Does Altruism Exist by David Sloan Wilson

Darwin’s theory of evolution by natural selection ( fell like a nuclear weapon into Victorian consciousness. The implication for many thinking people was that the whole of the living world is engaged in a brutal, pitiless competition for survival. Worse than this realisation is that if Man is co-terminus with the natural world, then we too are caught up in the whole hideous nightmare.

Deep anxieties were being felt even before the publication of On the Origin of Species. Discoveries in geology and the natural sciences had already unsettled the prevailing world view. Alfred Lord Tennyson, a mouthpiece for the preoccupations of his age, wrote the following lines in his poem In Memoriam A.H.H.‘ (1850). He is referring to Man when he says:

‘Who trusted God was love indeed
And love Creation’s final law
Tho’ Nature, red in tooth and claw
With ravine, shriek’d against his creed’

If the theory is right, and our worries are justified, how do we account for altruism? Altruism appears to sacrifice the interests of the individual in favour of others. How could the pitiless processes of evolution bring this about? It is a conundrum that has perplexed philosophers and scientists for at least 150 years, and there have been some very interesting attempts to tackle the problem. I would recommend The Origins of Virtue (1996, by Matt Ridley, and to follow up the references in that volume.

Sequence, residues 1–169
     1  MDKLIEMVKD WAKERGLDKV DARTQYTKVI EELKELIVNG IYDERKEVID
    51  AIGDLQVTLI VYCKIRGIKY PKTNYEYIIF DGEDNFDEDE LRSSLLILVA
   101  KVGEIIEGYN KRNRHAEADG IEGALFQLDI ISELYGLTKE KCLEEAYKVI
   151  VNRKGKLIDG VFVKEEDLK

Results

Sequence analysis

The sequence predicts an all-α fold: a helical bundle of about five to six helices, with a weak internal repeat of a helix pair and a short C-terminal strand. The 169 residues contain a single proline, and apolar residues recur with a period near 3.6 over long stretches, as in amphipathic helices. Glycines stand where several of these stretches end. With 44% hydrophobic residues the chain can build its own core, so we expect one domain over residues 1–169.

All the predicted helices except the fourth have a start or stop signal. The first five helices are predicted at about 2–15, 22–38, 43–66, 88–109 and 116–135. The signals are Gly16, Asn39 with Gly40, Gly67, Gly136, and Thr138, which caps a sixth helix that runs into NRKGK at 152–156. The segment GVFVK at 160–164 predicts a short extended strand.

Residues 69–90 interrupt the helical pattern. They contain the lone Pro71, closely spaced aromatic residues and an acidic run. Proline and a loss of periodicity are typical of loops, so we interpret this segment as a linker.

David Sloan Wilson ( is the latest to take on the problem. The key to understanding the existence of altruism, he argues, is by understanding the role it plays in the social organization of groups. Groups that function like organisms indubitably exist, and organisms evolved from groups. Evolutionists largely agree on how functionally organized groups evolve, ending decades of controversy, but the resolution casts altruism in a new light: altruism exists but shouldn’t necessarily occupy centre stage in our understanding of social behaviour. After laying a general theoretical foundation, Wilson surveys altruism and group-level functional organization in our own species – in religion, in economics, and in the rest of everyday life. He shows that altruism is not categorically good and can have pathological consequences. Finally, he shows how a social theory that goes beyond altruism by focusing on group function can help to improve the human condition in a practical sense.

Enquire at your local library or available at

Also listen to the podcast of a Start the Week edition of 12 April 2015 ( on Radio 4 which covers the subject and features David Sloan Wilson among others.

I hope it all leaves you with a surge of loving kindness (without, or possibly with, the expectation of some reward).

224 pages in Yale University Press

First published 3 March 2015

ISBN 978-0300189490

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David Sloan Wilson

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